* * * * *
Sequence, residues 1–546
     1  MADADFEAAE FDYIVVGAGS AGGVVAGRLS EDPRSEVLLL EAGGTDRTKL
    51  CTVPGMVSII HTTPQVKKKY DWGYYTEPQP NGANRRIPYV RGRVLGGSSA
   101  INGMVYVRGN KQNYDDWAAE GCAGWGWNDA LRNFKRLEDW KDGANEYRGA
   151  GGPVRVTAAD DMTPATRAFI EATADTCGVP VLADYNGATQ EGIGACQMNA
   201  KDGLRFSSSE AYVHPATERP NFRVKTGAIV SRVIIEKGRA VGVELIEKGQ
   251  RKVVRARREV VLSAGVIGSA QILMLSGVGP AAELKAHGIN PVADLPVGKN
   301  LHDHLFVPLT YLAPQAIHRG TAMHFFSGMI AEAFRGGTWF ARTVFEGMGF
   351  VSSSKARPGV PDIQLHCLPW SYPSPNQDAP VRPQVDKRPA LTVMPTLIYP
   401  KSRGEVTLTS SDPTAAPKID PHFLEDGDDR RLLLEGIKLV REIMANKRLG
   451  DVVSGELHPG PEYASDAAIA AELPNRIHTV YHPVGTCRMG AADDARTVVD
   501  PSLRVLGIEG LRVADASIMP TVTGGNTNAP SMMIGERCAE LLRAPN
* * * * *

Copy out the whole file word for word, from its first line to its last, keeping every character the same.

Sequence, residues 1–546
     1  MADADFEAAE FDYIVVGAGS AGGVVAGRLS EDPRSEVLLL EAGGTDRTKL
    51  CTVPGMVSII HTTPQVKKKY DWGYYTEPQP NGANRRIPYV RGRVLGGSSA
   101  INGMVYVRGN KQNYDDWAAE GCAGWGWNDA LRNFKRLEDW KDGANEYRGA
   151  GGPVRVTAAD DMTPATRAFI EATADTCGVP VLADYNGATQ EGIGACQMNA
   201  KDGLRFSSSE AYVHPATERP NFRVKTGAIV SRVIIEKGRA VGVELIEKGQ
   251  RKVVRARREV VLSAGVIGSA QILMLSGVGP AAELKAHGIN PVADLPVGKN
   301  LHDHLFVPLT YLAPQAIHRG TAMHFFSGMI AEAFRGGTWF ARTVFEGMGF
   351  VSSSKARPGV PDIQLHCLPW SYPSPNQDAP VRPQVDKRPA LTVMPTLIYP
   401  KSRGEVTLTS SDPTAAPKID PHFLEDGDDR RLLLEGIKLV REIMANKRLG
   451  DVVSGELHPG PEYASDAAIA AELPNRIHTV YHPVGTCRMG AADDARTVVD
   501  PSLRVLGIEG LRVADASIMP TVTGGNTNAP SMMIGERCAE LLRAPN